Abd al-Rahman al-Awza'i

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Muslim scholar
Al-Awzāʻī
Born 707 CE
Damascus, Syria
Died 774 CE
Beirut, Lebanon
Ethnicity Arab
Jurisprudence Awza'i
Main interest(s) Hadith, Fiqh
Notable idea(s) Awza'i madhhab

For further information on the Awza'i madhhab see Awza'i.

Abu Amr Abd al-Rahman ibn Amr al-Awzai (707–774) was the chief representative and eponym of the Awzai school of Islamic jurisprudence.

Apparently, born in Baalbeck, Lebanon in 707, very little of al-Awzai's writings survive, but his style of Islamic jurisprudence (usul al-fiqh) is preserved in Abu Yusuf's (died 798) book Al-radd ala siyar al-Awzai, in particular his reliance on the "living tradition," or the uninterrupted practice of Muslims handed down from preceding generations. For Awzai, this is the true Sunnah of Muhammad (died 632). Awzai's school flourished in Syria, the Maghreb, and Muslim Spain but was eventually overcome by the Maliki school of Islamic law in the 9th century. However, given his authority and reputation as a Sunni Imam and pious ancestry, his views retain potential as a source of law and a basis for alternative legal approaches and solutions. He died in 774 and was buried near Beirut, Lebanon, where his tomb is still visited.[1]

History of the Madhhab of al-Awza’i[edit]

In the Maghreb and al-Andalus[edit]

Some posit that the reason why the people of Morocco took up the madhhab of Imam Malik, is that the people of Morocco and al-Andalus were originally upon the madhhab of al-Awza’i. However since the Ummayad conquest of the region and the Berber revolt, Morocco and western Algeria were following Kharijites schools which were adopted by the ruling dynasties such as the Maghrawa, The emirate of Toudgha and the Ibadhi Rustamid dynasty. And, with the exception of Tunisia and al-Andalus, the Maliki school only became established in the region after the rise of the Almoravid dynasty.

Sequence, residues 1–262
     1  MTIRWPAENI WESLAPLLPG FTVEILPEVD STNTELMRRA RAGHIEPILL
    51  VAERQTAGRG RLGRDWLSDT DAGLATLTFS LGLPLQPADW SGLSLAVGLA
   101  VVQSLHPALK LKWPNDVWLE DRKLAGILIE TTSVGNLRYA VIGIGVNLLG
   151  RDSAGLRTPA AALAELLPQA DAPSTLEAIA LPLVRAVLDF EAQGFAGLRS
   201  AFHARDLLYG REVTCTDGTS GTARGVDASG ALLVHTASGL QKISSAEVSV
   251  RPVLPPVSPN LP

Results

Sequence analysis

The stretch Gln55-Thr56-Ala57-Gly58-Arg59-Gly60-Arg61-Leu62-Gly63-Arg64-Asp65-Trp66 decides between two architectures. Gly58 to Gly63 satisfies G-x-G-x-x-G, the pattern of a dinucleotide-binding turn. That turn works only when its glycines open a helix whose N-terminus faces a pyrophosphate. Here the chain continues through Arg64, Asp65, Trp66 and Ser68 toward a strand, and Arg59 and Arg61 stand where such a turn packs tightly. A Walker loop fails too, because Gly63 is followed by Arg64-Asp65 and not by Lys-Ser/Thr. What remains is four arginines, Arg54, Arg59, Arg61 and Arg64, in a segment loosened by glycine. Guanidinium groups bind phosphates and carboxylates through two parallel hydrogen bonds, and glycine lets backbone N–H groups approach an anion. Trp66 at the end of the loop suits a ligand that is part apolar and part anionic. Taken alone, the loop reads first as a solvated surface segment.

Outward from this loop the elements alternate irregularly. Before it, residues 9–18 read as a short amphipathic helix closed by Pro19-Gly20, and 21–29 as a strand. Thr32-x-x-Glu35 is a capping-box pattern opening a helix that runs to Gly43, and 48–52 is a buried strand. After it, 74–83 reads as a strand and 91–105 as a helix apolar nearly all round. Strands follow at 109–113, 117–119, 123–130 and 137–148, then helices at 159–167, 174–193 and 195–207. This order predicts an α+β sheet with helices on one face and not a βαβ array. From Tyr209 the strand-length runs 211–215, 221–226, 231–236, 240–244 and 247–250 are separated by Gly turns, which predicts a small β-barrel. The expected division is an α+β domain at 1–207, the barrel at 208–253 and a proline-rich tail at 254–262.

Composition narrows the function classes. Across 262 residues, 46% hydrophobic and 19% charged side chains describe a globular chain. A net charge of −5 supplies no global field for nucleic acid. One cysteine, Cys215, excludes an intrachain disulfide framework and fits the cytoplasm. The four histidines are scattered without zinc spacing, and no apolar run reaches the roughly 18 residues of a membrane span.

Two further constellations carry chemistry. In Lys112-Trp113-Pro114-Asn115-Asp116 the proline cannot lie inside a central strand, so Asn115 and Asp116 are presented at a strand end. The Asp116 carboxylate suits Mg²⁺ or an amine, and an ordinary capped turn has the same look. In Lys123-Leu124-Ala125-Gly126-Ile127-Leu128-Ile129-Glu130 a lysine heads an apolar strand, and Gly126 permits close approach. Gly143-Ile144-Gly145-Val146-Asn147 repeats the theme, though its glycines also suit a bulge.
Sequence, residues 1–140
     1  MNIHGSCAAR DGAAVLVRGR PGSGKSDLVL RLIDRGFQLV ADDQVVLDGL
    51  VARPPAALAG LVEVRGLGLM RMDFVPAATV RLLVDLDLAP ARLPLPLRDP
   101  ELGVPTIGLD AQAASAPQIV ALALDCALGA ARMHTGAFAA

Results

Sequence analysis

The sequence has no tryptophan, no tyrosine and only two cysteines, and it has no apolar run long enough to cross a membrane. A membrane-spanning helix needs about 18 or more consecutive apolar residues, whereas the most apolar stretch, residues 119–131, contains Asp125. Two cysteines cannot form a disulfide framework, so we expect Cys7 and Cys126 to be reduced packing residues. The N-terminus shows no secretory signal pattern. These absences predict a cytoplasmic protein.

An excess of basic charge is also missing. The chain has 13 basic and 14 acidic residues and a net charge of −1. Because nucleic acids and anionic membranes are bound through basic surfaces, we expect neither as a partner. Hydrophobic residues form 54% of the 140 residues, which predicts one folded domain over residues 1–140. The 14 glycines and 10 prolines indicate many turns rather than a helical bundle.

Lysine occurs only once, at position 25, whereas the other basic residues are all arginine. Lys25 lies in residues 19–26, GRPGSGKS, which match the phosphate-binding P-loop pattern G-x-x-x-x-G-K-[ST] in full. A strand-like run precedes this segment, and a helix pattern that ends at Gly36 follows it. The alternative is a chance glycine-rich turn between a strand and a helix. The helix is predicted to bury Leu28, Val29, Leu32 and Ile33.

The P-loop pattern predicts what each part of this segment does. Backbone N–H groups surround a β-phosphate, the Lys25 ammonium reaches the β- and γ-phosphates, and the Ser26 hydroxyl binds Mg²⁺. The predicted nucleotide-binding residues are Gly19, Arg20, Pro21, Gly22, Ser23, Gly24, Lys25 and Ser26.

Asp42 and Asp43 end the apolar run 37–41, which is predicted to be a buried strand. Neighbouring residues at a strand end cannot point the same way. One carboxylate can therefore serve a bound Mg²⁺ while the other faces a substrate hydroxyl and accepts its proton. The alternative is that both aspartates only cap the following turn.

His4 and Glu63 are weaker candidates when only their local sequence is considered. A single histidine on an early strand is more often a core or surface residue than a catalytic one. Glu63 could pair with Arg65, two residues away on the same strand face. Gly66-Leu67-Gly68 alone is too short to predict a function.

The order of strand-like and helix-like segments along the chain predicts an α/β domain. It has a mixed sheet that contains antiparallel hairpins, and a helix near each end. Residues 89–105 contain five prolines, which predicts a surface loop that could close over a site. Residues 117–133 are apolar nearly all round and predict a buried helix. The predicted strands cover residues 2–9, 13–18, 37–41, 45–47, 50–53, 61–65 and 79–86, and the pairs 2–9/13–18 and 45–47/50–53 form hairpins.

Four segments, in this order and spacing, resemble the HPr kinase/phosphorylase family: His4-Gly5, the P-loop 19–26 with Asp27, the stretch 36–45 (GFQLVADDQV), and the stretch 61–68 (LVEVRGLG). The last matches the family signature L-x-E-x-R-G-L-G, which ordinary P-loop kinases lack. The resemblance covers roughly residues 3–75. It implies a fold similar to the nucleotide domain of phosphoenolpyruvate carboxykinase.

Then during the rule of Al-Hakam I, the official fatwas were changed and given according to the opinion of Malik ibn Anas and the people of al-Madina. This was due to the opinion and preference of al-Hakam due to some political benefits he saw and they differ about the actual reason, which still remains unclear. Most hold that it was due to the scholars of al-Andalus travelling to Medina, then when they returned they spoke of the excellence of Malik, his wide knowledge and great station, so they honoured him and preferred his Madhhab. Others say that Imam Malik asked some of the people of al-Andalus about the rule in their region and they described it to him and Malik was very pleased by it since the Abbasids in that time did not rule in a manner that was agreeable. So, Imam Malik said to the person who told him, ‘We ask Allaah to enlighten our sacred precincts with your rule.’ This was transmitted to the ruler of al-Andalus, who already knew of the knowledge, excellence and piety of Malik; so he led the people to accept his Madhhab and ordered that the madhhab of al-Awza’i be abandoned. Later, the kings of Morocco and the west agreed that the rulings and actions should be according to the preferences of Ibn al-Qaasim al-`Utaqi (a famous student of Malik) only.[when?][2]

However it remains unclear why would an Ummayyad ruler opt for Malik and the people of Medina who were largely pro-Ahl al-Bayt and therefore were despised by the Ummayyads.

In Syria[edit]

In Syria, the Madhhab of al-Awza’i remained the main school of thought until the 10th century, when Abu Zar’ah Muhammed ibn Uthman of the Shafi’ee Madhhab was appointed judge of Damascus. Abu Zar’ah began the practice of giving a prize of 100 dinars to any student who memorized the book, Mukhtasr al-Muzanee (the basics of Shafi’ee fiqh). Naturally, the practice caused the Shafi’ee Madhhab to spread rapidly in Syria, until none of al-Awza’i’s followers remained until the 11th century.[3]

Notes[edit]

  1. ^ John Esposito, The Oxford Dictionary of Islam, Oxford University Press, 2003
  2. ^ “Nafh ut-Teeb min Ghasn il-Andalus ir-rateeb,” by Ahmad al-Muqree al-Maghribee (3/158)
  3. ^ ”al-Madkhal,” pg.205-206, and “Fiqh al-Imaam al-Awza’i,” by ‘Abdullah Muhammed al-Jabooree,